The precise proportions for this recipe are taken from the 1694 regulations the English government put out for Bombay punch houses, which mandated “if any man comes into a victualling house to drink punch, he may demand one quart good Goa arak, half a pound of sugar, and half a pint of good lime water, and make his own punch.” Now, Goa arrack was made from coconut-palm sap, but sugar-cane arrack and then rum were natural substitutes. The further substitution of cognac for part of the rum or arrack was common as early as the 1680s, and indeed soon became the preferred way of making it. The addition of a goodly amount of water or tea is also both traditional and extremely sensible.
What to buy: If you can’t get the arrack, substitute 1 1/2 quarts rum or 1 (750-milliliter) bottle of rum and 1 (750-milliliter) bottle of VSOP-grade cognac.
Game plan: For a more stimulating concoction, use cold black or green tea (use 2 tablespoons loose tea or 6 tea bags) in place of the final 6 cups of water.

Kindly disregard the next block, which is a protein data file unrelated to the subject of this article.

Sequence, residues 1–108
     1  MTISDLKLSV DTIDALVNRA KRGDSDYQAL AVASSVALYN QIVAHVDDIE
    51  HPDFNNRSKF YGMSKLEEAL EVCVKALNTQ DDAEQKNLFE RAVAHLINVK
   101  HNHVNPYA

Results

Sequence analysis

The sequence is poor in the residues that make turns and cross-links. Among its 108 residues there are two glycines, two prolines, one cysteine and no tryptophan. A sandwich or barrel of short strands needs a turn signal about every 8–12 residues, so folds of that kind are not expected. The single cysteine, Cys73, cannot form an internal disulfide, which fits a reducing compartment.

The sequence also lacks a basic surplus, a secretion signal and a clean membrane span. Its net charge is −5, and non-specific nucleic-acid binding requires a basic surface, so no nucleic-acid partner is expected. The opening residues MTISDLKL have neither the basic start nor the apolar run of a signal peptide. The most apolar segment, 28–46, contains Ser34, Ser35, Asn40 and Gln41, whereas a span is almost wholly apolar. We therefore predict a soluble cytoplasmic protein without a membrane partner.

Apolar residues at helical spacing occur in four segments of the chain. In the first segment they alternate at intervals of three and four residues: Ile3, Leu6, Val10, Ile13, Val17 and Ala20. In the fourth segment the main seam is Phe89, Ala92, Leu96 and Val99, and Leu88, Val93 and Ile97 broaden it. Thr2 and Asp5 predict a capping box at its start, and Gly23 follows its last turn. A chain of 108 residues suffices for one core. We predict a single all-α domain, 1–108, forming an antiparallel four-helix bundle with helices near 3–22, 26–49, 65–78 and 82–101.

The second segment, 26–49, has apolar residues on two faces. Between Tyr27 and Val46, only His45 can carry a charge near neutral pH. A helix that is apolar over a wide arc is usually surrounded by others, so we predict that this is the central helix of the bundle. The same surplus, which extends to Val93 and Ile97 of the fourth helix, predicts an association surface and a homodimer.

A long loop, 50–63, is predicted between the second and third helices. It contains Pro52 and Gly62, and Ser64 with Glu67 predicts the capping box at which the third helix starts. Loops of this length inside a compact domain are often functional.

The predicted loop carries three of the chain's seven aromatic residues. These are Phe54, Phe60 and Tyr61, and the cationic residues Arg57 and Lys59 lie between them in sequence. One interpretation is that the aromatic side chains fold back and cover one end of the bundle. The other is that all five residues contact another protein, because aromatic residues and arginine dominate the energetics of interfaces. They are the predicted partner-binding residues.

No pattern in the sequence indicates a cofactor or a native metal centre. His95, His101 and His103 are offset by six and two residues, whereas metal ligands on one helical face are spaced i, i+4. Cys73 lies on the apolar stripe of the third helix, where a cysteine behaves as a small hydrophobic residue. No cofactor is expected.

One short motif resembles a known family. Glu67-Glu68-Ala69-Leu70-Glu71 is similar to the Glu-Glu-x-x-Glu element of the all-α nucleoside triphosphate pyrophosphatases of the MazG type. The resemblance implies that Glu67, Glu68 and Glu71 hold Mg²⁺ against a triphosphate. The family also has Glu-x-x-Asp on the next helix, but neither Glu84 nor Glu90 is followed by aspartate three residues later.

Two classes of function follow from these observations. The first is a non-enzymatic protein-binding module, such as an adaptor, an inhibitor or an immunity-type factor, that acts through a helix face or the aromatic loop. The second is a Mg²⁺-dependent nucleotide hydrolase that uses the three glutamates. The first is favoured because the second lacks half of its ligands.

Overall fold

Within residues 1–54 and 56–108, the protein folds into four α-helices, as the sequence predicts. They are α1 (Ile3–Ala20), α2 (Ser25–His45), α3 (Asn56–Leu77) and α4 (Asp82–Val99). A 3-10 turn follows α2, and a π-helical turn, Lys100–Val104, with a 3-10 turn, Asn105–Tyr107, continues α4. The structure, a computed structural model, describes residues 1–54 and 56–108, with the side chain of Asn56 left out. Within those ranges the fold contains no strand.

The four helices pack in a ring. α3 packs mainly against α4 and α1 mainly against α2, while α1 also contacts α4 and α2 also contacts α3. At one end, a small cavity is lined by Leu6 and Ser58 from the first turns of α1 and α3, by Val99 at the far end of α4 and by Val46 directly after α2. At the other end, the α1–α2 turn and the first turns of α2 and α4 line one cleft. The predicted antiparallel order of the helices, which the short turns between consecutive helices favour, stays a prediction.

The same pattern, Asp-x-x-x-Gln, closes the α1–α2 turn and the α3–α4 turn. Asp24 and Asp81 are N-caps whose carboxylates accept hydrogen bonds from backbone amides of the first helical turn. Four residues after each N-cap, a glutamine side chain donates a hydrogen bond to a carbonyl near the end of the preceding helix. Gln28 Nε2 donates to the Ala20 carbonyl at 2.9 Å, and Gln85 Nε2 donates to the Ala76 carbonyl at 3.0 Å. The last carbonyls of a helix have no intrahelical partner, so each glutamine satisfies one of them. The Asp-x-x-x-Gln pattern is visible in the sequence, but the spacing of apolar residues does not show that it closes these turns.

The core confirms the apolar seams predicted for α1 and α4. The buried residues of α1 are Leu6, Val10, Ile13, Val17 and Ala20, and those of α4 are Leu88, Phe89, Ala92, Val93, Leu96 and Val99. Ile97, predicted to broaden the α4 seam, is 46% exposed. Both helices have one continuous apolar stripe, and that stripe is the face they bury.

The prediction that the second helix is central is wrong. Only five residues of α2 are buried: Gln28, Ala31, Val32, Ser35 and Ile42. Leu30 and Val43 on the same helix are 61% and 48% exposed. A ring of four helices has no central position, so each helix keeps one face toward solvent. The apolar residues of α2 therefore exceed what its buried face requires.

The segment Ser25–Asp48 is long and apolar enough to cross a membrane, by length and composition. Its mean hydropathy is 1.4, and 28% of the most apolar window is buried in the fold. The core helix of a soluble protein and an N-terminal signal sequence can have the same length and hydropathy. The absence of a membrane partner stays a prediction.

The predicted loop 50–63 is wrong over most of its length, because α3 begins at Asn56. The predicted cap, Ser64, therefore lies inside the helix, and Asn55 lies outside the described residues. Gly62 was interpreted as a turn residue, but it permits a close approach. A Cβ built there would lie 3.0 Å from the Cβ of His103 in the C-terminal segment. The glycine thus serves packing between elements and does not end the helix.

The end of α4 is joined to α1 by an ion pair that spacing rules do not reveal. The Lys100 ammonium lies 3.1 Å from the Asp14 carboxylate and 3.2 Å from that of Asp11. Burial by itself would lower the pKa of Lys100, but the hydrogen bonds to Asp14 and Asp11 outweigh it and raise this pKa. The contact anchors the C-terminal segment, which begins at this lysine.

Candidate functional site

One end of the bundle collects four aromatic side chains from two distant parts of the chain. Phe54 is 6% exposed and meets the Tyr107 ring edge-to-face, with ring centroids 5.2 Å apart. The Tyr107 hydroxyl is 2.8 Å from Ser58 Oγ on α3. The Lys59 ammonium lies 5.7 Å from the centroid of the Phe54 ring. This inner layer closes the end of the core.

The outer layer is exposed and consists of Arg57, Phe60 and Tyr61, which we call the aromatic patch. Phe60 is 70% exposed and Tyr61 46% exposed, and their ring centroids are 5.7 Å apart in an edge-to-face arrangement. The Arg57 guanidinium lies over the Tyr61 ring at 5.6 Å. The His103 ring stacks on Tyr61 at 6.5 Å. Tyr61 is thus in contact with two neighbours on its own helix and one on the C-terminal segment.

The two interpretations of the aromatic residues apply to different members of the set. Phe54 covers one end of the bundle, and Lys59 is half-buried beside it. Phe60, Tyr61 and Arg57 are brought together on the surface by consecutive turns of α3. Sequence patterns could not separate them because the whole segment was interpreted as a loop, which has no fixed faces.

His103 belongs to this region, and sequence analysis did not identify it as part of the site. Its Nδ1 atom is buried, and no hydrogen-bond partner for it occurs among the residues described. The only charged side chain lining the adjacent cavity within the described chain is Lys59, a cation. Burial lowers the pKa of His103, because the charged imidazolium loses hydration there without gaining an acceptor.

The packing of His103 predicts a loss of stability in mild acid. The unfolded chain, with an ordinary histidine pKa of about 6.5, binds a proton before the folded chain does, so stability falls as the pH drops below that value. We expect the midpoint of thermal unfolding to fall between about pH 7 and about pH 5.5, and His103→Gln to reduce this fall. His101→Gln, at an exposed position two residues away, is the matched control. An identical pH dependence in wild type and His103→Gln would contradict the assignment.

1To prepare, first stir 2 cups of Demerara or turbinado sugar in 1 cup water over a low flame until the sugar has dissolved (about 5 minutes). Let this cool.
2Then squeeze 12 limes and combine the juice in a large bowl with the sugar syrup and stir. Add 16 ounces Batavia arrack and 1 quart dark, funky rum and top off with 1.5 liters/48 ounces water. Stir again and refrigerate.
3Half an hour before serving, add a large block of ice (this can be made by freezing 2 quarts of water in a bowl overnight) and grate nutmeg over the top.
This recipe, while from a trusted source, may not have been tested by the CHOW food team.